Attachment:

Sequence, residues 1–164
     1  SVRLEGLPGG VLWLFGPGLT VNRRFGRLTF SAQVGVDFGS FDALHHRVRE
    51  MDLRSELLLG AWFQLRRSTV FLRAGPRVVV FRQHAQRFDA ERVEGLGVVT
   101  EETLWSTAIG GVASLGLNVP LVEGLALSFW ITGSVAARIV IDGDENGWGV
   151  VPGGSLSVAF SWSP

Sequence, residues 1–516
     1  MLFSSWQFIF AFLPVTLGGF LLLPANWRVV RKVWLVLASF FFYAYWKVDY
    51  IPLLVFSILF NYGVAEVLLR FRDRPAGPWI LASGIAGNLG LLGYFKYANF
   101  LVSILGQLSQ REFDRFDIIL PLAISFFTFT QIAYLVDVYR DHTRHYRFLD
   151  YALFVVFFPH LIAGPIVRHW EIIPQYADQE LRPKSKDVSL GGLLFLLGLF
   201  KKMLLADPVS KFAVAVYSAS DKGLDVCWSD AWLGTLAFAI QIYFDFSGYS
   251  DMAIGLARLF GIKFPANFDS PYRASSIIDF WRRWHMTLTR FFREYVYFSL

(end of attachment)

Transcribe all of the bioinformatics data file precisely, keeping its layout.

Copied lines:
Sequence, residues 1–164
     1  SVRLEGLPGG VLWLFGPGLT VNRRFGRLTF SAQVGVDFGS FDALHHRVRE
    51  MDLRSELLLG AWFQLRRSTV FLRAGPRVVV FRQHAQRFDA ERVEGLGVVT
   101  EETLWSTAIG GVASLGLNVP LVEGLALSFW ITGSVAARIV IDGDENGWGV
   151  VPGGSLSVAF SWSP

Sequence, residues 1–516
     1  MLFSSWQFIF AFLPVTLGGF LLLPANWRVV RKVWLVLASF FFYAYWKVDY
    51  IPLLVFSILF NYGVAEVLLR FRDRPAGPWI LASGIAGNLG LLGYFKYANF
   101  LVSILGQLSQ REFDRFDIIL PLAISFFTFT QIAYLVDVYR DHTRHYRFLD
   151  YALFVVFFPH LIAGPIVRHW EIIPQYADQE LRPKSKDVSL GGLLFLLGLF
   201  KKMLLADPVS KFAVAVYSAS DKGLDVCWSD AWLGTLAFAI QIYFDFSGYS
   251  DMAIGLARLF GIKFPANFDS PYRASSIIDF WRRWHMTLTR FFREYVYFSL